Most of the environmental impacts of many consumer products, including soft drinks, are tied to the products inside, not the packaging, according to University of Michigan environmental engineer Shelie Miller.
Stand in the soda pop aisle at the supermarket, surrounded by rows of brightly colored plastic bottles and metal cans, and it’s easy to conclude that the main environmental problem here is an overabundance of single-use containers: If we simply recycled more of them, we’d go a long way toward minimizing impacts.
When it comes to single-use plastics in particular, the production and disposal of packaging often represents only a few percent of a product’s lifetime environmental impacts, Miller says.
“Consumers tend to focus on the impact of the packaging, rather than the impact of the product itself,” says Miller, an associate professor at the School for Environment and Sustainability and director of the University of Michigan’s Program in the Environment. “But mindful consumption that reduces the need for products and eliminates wastefulness is far more effective at reducing overall environmental impact than recycling.
“Nevertheless, it is fundamentally easier for consumers to recycle the packaging of a product than to voluntarily reduce their demand for that product, which is likely one reason why recycling efforts are so popular.”
The mistaken belief about the central role of plastic packaging is one of five myths that Miller attempts to debunk in her new research. The five common misperceptions, along with Miller’s insights about them, are:
- Plastic packaging is the largest contributor to a product’s environmental impact. In reality, the product inside the package usually has a much greater environmental impact.
- The environmental impacts of plastics are greater than any other packaging material. Actually, plastic generally has lower overall environmental impacts than single-use glass or metal in most impact categories.
- Reusable products are always better than single-use plastics. Actually, reusable products have lower environmental impacts only when they are reused enough times to offset the materials and energy used to make them.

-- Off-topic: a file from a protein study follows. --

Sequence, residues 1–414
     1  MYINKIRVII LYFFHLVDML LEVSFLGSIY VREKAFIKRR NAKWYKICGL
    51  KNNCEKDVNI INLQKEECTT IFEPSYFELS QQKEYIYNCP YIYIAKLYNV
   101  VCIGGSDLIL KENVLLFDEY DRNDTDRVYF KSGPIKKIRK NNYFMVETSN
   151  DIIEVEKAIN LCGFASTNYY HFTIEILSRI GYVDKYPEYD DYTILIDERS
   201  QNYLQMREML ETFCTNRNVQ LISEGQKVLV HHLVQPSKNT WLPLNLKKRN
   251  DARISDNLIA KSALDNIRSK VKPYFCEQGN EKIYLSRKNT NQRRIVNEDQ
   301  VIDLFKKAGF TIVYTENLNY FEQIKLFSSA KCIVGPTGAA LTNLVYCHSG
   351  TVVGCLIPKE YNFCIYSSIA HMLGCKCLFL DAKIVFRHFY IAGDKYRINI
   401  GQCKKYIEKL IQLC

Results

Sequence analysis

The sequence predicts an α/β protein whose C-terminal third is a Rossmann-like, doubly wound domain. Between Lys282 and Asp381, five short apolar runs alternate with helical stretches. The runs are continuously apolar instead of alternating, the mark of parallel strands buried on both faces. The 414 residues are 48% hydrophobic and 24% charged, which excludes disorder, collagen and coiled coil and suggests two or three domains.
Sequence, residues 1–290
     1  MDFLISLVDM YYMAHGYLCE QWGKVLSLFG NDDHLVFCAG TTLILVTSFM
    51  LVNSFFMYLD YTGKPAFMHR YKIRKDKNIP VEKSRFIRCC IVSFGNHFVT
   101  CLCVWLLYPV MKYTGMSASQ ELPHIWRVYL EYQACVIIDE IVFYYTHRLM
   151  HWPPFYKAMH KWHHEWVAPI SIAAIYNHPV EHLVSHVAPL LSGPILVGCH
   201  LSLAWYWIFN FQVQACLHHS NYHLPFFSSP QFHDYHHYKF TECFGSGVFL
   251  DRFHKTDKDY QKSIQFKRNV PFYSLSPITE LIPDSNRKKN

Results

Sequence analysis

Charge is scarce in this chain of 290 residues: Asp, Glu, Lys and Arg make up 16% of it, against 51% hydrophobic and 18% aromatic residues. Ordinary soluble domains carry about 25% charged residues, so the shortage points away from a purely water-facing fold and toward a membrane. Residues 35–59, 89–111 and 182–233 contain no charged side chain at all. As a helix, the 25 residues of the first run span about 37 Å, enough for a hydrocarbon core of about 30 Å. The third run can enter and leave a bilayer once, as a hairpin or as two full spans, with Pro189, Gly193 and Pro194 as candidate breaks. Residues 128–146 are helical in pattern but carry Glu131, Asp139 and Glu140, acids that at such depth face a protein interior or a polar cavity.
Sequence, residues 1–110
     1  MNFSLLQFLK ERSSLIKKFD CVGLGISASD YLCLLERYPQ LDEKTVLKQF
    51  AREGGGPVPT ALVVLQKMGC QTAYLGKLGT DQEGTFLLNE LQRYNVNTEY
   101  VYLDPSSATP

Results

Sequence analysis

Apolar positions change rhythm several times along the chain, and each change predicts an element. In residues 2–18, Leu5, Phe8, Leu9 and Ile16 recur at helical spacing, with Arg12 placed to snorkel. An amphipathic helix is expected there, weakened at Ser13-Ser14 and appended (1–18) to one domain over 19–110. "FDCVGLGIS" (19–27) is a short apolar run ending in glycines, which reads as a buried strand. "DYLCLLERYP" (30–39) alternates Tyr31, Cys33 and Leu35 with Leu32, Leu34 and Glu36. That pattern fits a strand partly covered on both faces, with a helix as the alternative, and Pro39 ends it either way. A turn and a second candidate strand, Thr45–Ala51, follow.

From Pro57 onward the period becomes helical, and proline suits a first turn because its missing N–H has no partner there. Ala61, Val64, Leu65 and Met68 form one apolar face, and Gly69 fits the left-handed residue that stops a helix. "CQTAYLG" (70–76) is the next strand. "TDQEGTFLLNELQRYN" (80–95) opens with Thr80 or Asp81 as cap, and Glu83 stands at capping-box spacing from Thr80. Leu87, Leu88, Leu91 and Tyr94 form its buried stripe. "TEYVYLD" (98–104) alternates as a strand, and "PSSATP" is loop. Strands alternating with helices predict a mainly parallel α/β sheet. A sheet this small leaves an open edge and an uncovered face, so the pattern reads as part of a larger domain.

- Recycling and composting should be the highest priority. Truth be told, the environmental benefits associated with recycling and composting tend to be small when compared with efforts to reduce overall consumption.
- “Zero waste” efforts that eliminate single-use plastics minimize the environmental impacts of an event. In reality, the benefits of diverting waste from the landfill are small. Waste reduction and mindful consumption, including a careful consideration of the types and quantities of products consumed, are far larger factors dictating the environmental impact of an event.
In her review article, Miller challenges beliefs unsupported by current scientific knowledge while urging other environmental scientists and engineers to broaden the conversation—in their own research and in discussions that shape public policy.
“Efforts to reduce the use of single-use plastics and to increase recycling may distract from less visible and often more damaging environmental impacts associated with energy use, manufacturing, and resource extraction,” she says. “We need to take a much more holistic view that considers larger environmental issues.”
Miller stresses that she is not trying to downplay environmental concerns associated with plastics and plastic waste. But to place the plastic-waste problem in proper context, it’s critical to examine the environmental impacts that occur at every stage of a product’s lifetime—from the extraction of natural resources and the energy needed to make the item to its ultimate disposal or reuse.
Life-cycle assessment, or LCA, is a tool that researchers like Miller use to quantify lifetime environmental impacts in multiple categories, including climate change and energy use, water and resource depletion, biodiversity loss, solid waste generation, and human and ecological toxicity.
It’s easy for consumers to focus on packaging waste because they see boxes, bottles, and cans every day, while a wide range of other environmental impacts are largely invisible to them. But LCA analyses systematically evaluate the entire supply chain, measuring impacts that might otherwise be overlooked, Miller says.
Packaged food products, for example, embody largely invisible impacts that can include intensive agricultural production, energy generation, and refrigeration and transportation throughout the supply chain, along with the processing and manufacturing associated with the food and its packaging, she says.
Miller points out that the well-worn adage “reduce, reuse, recycle,” commonly known as the 3Rs, was created to provide an easy-to-remember hierarchy of the preferable ways to lessen environmental impact.
Yet most environmental messaging does not emphasize the inherent hierarchy of the 3Rs—the fact that reducing and reusing are listed ahead of recycling. As a result, consumers often over-emphasize the importance of recycling packaging instead of reducing product consumption to the extent possible and reusing items to extend their lifetime.
“Although the use of single-use plastics has created a number of environmental problems that need to be addressed, there are also numerous upstream consequences of a consumer-oriented society that will not be eliminated, even if plastic waste is drastically reduced,” she says.
“The resource extraction, manufacturing, and use phases generally dominate the environmental impacts of most products. So, reduction in materials consumption is always preferable to recycling, since the need for additional production is eliminated.”
The research is scheduled for publication in the journal Environmental Science & Technology.
The National Science Foundation’s Environmental Sustainability program funded the work.
Source: University of Michigan